"They see that the breakout can be when children go to school."


Edit has been monitoring the development of the residents from the beginning, so she can perfectly see what difficulties the teachers had to face.

We have asked the teachers on several occasions to tell us how the teaching is going and in which direction the young people's development heading. This time we have interviewed a volunteer teacher, Edit Kecskés, who in the beginning held craft sessions for children, and recently helps adults learn to read and write.

Why did you apply as a volunteer teacher at the Refugee Center?

When the war broke out, I wanted to do something. When the wave of refugees started, I decided that I would help those who left their homes. All of a sudden, life threw me in an email that the Dorcas Ministries was looking for teachers. Then I thought I'd give it a try, sign up and visit the campsite. Anyway, I would have gladly accepted any job. I always help those in need. I wanted to support them, even indirectly. Here, at the Refugee Center, I came up with the idea of ​​helping the organization and the needy at the same time.

What was your task as a volunteer?

My task was to keep the little ones busy, to have something to do every day. Thanks to the volunteer teachers, we were able to organize programs for the children every day. There were sports games, science and physics lessons, as well as craft activities on a weekly basis.This started in the spring until we could not develop them purposefully. These sessions were also good for assessing how leveled they are. We found that many young people are seriously behind. From June, we managed to get development teachers, and the catch-up program for them started.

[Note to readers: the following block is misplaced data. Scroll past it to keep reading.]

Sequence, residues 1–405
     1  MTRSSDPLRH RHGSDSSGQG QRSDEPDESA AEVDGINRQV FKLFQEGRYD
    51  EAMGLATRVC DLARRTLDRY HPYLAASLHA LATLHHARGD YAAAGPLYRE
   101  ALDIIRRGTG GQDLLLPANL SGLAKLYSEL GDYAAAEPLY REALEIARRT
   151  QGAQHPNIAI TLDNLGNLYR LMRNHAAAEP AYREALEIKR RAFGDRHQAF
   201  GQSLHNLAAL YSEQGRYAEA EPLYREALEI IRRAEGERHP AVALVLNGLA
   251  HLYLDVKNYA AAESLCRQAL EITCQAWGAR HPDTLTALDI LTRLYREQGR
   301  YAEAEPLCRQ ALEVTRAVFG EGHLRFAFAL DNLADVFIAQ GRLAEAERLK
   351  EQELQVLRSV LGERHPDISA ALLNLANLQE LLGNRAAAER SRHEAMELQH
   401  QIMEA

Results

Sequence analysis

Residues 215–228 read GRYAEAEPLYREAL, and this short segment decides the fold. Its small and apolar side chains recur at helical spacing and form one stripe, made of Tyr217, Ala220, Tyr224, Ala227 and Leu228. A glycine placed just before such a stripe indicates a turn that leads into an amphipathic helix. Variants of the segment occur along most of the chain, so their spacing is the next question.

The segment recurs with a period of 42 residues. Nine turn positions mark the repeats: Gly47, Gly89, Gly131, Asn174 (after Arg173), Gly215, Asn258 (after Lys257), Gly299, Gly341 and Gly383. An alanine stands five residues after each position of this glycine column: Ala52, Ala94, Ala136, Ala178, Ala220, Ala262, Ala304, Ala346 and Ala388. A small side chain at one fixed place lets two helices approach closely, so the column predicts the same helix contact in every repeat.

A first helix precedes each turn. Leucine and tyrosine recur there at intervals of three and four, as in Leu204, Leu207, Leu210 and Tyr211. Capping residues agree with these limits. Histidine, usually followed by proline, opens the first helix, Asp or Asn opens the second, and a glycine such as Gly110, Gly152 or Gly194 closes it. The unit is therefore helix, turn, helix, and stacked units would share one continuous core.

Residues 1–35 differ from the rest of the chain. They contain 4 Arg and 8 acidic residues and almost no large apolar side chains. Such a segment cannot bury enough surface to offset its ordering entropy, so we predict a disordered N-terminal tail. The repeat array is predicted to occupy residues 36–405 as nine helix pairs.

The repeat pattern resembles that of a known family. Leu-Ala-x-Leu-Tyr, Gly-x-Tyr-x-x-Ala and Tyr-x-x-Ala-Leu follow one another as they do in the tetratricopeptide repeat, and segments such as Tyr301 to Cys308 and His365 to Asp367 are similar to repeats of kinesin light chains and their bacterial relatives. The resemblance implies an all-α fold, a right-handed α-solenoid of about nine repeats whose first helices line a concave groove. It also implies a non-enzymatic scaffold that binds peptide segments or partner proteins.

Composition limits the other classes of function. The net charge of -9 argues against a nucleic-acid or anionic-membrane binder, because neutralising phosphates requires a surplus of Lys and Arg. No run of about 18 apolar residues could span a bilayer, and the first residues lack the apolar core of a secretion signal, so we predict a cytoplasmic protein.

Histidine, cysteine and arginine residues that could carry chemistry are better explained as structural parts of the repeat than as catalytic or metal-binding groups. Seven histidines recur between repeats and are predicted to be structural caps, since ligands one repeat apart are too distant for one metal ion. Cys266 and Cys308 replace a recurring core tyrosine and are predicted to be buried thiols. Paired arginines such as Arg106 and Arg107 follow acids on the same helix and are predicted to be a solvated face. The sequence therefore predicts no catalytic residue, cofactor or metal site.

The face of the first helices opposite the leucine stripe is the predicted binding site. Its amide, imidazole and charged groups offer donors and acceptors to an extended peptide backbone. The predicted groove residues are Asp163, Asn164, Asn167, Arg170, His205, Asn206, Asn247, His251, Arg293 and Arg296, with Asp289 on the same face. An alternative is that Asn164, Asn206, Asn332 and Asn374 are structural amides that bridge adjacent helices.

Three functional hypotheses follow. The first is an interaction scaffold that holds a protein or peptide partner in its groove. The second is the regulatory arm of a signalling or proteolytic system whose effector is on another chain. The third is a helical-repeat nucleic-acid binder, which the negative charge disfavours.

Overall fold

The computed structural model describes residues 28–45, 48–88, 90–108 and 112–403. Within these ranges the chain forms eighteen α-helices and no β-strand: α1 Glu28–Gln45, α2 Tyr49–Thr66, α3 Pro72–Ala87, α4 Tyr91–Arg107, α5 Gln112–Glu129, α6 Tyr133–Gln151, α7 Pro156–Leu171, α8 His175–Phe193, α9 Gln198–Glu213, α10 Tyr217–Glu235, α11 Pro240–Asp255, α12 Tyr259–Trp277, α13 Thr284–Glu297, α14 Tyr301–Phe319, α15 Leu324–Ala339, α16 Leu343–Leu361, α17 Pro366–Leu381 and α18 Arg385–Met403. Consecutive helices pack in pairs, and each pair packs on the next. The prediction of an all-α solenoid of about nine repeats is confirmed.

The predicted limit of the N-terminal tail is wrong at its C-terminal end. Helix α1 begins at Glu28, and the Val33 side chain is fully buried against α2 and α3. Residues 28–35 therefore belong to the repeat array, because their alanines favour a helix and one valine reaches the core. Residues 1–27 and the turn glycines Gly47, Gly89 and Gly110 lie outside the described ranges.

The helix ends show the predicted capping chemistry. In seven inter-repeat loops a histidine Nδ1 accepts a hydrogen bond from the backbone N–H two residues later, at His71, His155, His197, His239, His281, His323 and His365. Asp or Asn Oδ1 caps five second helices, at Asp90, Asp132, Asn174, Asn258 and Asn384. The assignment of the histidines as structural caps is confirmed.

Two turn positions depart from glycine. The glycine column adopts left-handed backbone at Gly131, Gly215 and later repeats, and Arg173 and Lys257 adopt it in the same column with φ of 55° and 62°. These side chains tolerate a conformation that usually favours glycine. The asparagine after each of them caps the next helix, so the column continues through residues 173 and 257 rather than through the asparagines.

What was it like in March, when you and the other volunteer teachers started the sessions? How did the little residents welcome you?

When we started the sessions, the children avoided us a lot. There was a kind of fear in them, they were not open at all, they ran away from us. Then I noticed that after a few days they started following me from afar, from then on I knew we had won the case. Trust began to develop. It didn't take long and they became much more open. Maybe two weeks after the start, they were already competing about who would hold my hand when I went from one point to another. This was a huge step forward for me.

What difficulties did you have to face during the sessions?

The biggest problem is that many parents don't value learning, they don't motivate their kids enough to learn. This is where it became clear to me that many parents are completely illiterate. Surprisingly, it's not just one or two adults. This presented the foundation with a new task. It was then that we realized that it was necessary to start a basic level training for adults as well.

When did you start teaching adults?

Yes. When catch-up education started for the children, I started teaching the adults to read and write. The goal was not only that they can they write down and read their personal data, but that they actually learn to read and write.

 The classes are spent in a good atmosphere
The classes are spent in a good atmosphere

How easy was it to involve adults in learning?